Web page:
In Southern Ghana, lack of understanding and acceptance of those born with disabilities creates barriers to success for individuals and families of individuals who are disabled. They are treated differently from a young age, and their families often suffer social consequences as a result of the stigma that is cast upon them.

“At the age of eight years old, I saw my cousin crawling on his hands and knees because my family was not able to afford a wheelchair and a walker. I noticed even at a young age that kids with any type of disabilities were not allowed to play with us,” said Susan Badu, founder of Akua Career Academy. “Parents will hide their kids at home because of the stigma that families face. Many marriages have ended due to having a child with disabilities. Sadly, women are always the ones who are blamed for the child being disabled.”

Watching the differently-abled suffer mistreatment and lack of assistance deeply affected Badu. One simple but poignant moment in particular stands out in her mind as the turning point at which she realized she needed to change the stigma and make a positive difference.

“In 2011, I gave an individual with a disability a hug. This small gesture of love made such an impact in his life that he started to cry. His mother tearfully reported that since birth, her family and the community had ostracized them; he was born with cancer. As my own tears started to flow, I realized that I need to make a difference on a larger scale,” Badu said. “I want to provide education to the Ghanaian community and to also provide an opportunity to learn hands-on training skills for them to become gainfully employed.”

Thus, the seed was planted for Akua Career Academy, a school that brings in skilled workers to help students develop technical and trade skills, such as building, plumbing, electrical, food service, auto mechanic, farming, cosmetology and computer skills, and more. The goal is to help students become self-sufficient and eventually join the workforce.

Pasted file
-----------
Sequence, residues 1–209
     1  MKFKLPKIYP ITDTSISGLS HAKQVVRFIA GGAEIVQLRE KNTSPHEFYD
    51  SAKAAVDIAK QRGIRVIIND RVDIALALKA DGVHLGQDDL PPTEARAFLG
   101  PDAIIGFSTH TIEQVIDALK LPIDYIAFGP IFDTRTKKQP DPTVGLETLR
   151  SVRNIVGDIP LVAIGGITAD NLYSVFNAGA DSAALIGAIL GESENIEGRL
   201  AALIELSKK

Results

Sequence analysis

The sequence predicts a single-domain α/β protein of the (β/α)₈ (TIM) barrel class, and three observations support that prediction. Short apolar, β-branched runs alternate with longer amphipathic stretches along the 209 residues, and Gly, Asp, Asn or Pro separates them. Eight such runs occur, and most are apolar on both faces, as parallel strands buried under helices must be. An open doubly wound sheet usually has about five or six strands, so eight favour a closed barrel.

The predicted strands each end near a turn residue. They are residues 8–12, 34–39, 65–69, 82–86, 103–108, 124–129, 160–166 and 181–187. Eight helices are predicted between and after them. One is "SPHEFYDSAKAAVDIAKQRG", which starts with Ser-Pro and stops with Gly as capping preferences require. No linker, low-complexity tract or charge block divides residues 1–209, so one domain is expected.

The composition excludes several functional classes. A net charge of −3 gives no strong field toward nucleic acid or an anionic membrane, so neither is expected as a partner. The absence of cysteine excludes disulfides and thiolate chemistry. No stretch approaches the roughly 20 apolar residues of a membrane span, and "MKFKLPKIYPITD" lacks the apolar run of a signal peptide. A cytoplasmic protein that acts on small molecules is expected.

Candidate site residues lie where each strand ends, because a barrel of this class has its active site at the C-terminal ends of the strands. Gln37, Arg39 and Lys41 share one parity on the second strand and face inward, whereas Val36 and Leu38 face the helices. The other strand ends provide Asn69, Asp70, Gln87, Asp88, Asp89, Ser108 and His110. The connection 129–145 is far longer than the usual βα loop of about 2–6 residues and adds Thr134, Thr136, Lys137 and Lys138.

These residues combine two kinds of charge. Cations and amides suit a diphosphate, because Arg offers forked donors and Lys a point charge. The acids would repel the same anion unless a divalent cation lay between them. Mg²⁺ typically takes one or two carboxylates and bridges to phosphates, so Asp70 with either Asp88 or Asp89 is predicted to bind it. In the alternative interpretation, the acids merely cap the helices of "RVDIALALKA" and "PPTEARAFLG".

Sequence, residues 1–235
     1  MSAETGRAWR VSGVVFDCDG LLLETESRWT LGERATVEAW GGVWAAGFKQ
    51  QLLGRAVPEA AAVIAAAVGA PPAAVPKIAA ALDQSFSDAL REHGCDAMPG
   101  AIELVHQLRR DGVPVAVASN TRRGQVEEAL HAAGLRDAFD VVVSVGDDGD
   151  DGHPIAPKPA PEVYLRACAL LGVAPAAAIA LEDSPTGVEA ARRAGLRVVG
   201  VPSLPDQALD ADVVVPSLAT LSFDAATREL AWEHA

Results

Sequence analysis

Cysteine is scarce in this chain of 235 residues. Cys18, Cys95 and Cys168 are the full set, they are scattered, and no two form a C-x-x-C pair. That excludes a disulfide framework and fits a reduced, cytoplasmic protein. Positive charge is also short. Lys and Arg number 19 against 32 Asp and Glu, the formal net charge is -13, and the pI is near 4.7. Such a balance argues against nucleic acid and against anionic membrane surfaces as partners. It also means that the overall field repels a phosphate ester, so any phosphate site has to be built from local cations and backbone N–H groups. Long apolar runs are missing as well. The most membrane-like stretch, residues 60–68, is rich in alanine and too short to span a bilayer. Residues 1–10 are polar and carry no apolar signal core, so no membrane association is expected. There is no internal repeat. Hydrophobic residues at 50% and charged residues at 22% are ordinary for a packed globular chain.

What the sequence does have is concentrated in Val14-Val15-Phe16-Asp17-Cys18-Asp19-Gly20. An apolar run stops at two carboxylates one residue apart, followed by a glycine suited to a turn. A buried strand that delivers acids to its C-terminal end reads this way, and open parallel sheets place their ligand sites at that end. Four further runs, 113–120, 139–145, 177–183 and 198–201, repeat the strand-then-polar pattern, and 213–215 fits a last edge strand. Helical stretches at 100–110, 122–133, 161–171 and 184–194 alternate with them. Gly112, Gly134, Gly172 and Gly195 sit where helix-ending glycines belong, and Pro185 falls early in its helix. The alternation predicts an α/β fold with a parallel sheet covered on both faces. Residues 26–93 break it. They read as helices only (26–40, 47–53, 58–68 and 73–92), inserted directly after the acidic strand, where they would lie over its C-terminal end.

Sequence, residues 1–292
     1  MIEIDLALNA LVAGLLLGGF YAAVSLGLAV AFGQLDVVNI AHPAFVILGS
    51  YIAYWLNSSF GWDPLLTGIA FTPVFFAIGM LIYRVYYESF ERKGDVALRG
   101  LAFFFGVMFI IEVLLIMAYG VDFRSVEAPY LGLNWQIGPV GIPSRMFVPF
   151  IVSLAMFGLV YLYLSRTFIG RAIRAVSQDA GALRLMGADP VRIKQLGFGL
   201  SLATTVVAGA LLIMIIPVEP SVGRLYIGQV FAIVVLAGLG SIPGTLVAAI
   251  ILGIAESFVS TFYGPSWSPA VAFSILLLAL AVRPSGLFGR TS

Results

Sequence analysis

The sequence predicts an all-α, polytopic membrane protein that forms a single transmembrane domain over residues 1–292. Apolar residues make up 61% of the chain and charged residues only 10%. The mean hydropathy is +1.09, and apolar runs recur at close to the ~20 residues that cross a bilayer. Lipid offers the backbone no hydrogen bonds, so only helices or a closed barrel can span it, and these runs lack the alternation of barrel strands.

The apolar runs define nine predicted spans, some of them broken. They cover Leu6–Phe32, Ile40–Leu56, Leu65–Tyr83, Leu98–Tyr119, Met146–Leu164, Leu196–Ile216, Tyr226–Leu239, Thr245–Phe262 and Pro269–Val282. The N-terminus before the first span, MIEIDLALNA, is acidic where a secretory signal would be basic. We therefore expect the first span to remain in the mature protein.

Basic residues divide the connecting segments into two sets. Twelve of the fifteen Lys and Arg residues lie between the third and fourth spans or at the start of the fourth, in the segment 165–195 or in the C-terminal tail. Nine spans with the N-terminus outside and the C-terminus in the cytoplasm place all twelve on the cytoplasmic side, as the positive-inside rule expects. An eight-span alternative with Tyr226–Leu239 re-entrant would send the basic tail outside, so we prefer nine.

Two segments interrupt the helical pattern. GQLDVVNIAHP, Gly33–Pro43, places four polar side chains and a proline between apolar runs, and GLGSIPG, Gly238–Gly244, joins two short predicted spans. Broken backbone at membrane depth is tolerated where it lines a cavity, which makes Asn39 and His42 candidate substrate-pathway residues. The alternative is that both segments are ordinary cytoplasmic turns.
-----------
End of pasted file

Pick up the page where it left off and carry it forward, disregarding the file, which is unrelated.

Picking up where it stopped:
The academy was officially founded in March 2020 and joined the HSI family in April. It will welcome students ages eight to 25 for a daytime program and boarding. The school will be built to accommodate students with various physical and mental handicaps. To generate income to the school, there will be an onsite supermarket and restaurant. The students who are in the building trade program will build an apartment during their training to house students upon graduation, and to rent to the community.

“It is my life dream and prayer that I will be able to build a school to provide educational opportunities to individuals with psychological, physical and learning disabilities, and other related medical conditions, so they can live their lives to the fullest,” Badu said.

She plans to collaborate with local religious organizations and businesses in Ghana to provide internship opportunities and employment. She said that she also hopes to expand networking opportunities with other non-profit organizations in the United States in order to raise awareness and funding to grow Akua Career Academy.

 Currently, the greatest challenge the academy faces is lack of funding. With more financial resources from donors and partners, Badu’s school can not only make a substantial difference in the lives of those born with disabilities and their loved ones, but it can also erase a negative stigma that impacts the community as a whole.

“I believe that we are all created for a purpose in this life. I know that my purpose is to give acceptance and love to the forgotten,” Badu said.

 

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